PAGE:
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Office of Risk Management shares tips for summer

Tips for preventing heat-related illness include:

Stay cool

  • Stay cool indoors: Stay in an air-conditioned place as much as possible. If a home does not have air conditioning, it is recommended to go to the shopping mall or public library—even a few hours spent in air conditioning can help their body stay cooler when going back into the heat, and to call local health department to see if there are any heat-relief shelters in the area.
  • Schedule outdoor activities carefully: Try to limit outdoor activity to when it is coolest, like morning and evening hours. Rest often in shady areas so that the body has a chance to recover.
  • Pace: Cut down on exercise during the heat. If a person is not accustomed to working or exercising in a hot environment, it is suggested to start slowly and pick up the pace gradually. If exertion in the heat makes a person's heart pound and leaves him/her gasping for breath, stop all activity. Get into a cool area or into the shade, and rest, especially if become lightheaded, confused, weak or faint.
  • Wear sunscreen: Sunburn affects body’s ability to cool down and can make people dehydrated. If there is need to go outdoors, protect from the sun by wearing a wide-brimmed hat, sunglasses and by putting on sunscreen of SPF 15 or higher 30 minutes prior to going out. Continue to reapply it according to the package directions.
    1. Tip: Look for sunscreens that say “broad spectrum” or “UVA/UVB protection” on their labels.
  • Do not leave children in cars: Cars can quickly heat up to dangerous temperatures, even with a window cracked open. While anyone left in a parked car is at risk, children are especially at risk of getting a heat stroke or dying. When traveling with children, remember to do the following:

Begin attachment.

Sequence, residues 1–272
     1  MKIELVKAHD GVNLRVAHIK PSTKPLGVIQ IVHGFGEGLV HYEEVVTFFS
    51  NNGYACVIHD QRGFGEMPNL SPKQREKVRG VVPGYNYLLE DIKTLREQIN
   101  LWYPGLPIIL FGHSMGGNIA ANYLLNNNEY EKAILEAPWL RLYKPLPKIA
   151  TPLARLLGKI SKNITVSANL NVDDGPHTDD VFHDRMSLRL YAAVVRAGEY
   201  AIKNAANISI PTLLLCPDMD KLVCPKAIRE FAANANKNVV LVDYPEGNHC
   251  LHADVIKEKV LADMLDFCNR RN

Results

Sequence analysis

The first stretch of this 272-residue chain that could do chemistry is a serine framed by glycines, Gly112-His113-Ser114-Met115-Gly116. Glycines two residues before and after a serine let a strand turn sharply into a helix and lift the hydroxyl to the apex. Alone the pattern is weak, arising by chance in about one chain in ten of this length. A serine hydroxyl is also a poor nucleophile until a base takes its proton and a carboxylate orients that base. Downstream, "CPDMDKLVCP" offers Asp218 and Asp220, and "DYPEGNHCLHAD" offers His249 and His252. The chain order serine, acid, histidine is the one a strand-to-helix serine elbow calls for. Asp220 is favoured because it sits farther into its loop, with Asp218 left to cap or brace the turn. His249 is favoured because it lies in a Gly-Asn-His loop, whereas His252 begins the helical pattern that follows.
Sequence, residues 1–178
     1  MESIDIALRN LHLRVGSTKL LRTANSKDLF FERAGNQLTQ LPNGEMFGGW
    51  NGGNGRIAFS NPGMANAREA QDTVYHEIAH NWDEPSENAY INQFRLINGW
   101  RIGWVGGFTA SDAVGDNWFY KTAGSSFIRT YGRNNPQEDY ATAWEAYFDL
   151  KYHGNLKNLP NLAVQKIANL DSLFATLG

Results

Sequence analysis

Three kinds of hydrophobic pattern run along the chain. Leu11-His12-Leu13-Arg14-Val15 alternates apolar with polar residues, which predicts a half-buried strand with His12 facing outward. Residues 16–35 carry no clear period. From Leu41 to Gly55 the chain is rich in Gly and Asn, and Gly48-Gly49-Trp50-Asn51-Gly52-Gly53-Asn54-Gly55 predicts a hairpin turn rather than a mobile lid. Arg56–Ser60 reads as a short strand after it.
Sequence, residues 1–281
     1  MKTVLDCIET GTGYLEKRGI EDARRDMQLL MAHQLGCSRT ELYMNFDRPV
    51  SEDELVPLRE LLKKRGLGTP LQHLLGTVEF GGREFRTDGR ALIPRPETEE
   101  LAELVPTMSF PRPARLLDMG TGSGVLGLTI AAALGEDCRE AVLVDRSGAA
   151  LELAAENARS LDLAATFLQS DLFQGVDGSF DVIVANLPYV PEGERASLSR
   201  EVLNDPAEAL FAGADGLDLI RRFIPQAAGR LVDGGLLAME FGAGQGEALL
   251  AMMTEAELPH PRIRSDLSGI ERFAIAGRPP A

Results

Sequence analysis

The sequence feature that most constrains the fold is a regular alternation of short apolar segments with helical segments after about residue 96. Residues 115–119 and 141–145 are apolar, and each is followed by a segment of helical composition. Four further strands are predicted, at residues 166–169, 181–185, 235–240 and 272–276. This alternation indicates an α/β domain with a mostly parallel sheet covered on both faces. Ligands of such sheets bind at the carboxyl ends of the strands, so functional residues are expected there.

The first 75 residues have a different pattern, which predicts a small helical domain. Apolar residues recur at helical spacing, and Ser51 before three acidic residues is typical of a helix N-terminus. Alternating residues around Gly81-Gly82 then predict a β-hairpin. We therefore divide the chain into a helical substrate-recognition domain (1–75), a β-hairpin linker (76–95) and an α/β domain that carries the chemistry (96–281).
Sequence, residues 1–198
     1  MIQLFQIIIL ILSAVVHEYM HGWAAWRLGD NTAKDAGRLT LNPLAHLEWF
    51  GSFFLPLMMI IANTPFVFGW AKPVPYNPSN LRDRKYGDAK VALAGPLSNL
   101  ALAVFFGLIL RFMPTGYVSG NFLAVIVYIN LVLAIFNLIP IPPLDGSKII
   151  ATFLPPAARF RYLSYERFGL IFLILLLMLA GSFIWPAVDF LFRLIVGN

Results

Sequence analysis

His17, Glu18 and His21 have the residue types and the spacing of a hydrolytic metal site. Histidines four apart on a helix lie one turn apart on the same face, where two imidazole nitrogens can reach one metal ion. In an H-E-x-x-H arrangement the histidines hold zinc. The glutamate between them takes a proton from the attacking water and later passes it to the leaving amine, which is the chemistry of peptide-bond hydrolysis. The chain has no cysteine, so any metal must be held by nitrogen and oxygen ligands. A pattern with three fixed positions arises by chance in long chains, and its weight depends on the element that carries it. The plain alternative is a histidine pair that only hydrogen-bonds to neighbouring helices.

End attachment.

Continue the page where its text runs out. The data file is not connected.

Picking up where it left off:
1. Never leave infants, children or pets in a parked car, even if the windows are cracked open.
    2. To remember that a child is in the car, keep a stuffed animal in the car seat. When the child is buckled in, place the stuffed animal in the front with the driver.
    3. When leaving the car, check to be sure everyone is out of the car. Do not overlook any children who have fallen asleep in the car.
  • Avoid hot and heavy meals: They add heat to the body

 

Stay hydrated

  • Drink plenty of fluids: Drink more fluids, regardless of the degree of activism and do not wait until being thirsty to drink.
    1. Warning: If the doctor limits the amount to drink or prescribes water pills, ask how much is recommended to drink while the weather is hot.
    2. Stay away from very sugary or alcoholic drinks—these actually cause lost of more body fluid. Also avoid very cold drinks because they can cause stomach cramps.
  • Replace salt and minerals: Heavy sweating removes salt and minerals from the body that need to be replaced. A sports drink can replace the salt and minerals lost in sweat.
    1. If a person is on a low-salt diet, have diabetes, high blood pressure or other chronic conditions, him/her should talk with their doctor before drinking a sports beverage or taking salt tablets.
  • Keep pets hydrated: Provide plenty of fresh water for pets and leave the water in a shady area.

 

Stay Informed 

  • Check for updates: Check local news for extreme heat alerts and safety tips and to learn about any cooling shelters in the area.
  • Know the signs: Learn the signs and symptoms of heat-related illnesses and how to treat them.
  • Use a buddy system: When working in the heat, monitor the condition of co-workers and have someone do the same in return. Heat-induced illness can cause a person to become confused or lose consciousness. If a person is 65 years of age or older, he/she should have a friend or relative call to check twice a day during a heat wave. 
  • Monitor those at high risk: Although anyone at any time can suffer from heat-related illness, some people are at greater risk than others:
    1. Infants and young children
    2. People 65 years of age or older
    3. People who are overweight
    4. People who overexert during work or exercise
    5. People who are physically ill, especially with heart disease or high blood pressure or who take certain medications, such as for depression, insomnia or poor circulation.

 

For additional information and risk related resources, visit the Office of Risk Management SharePoint.

Published June 12, 2019.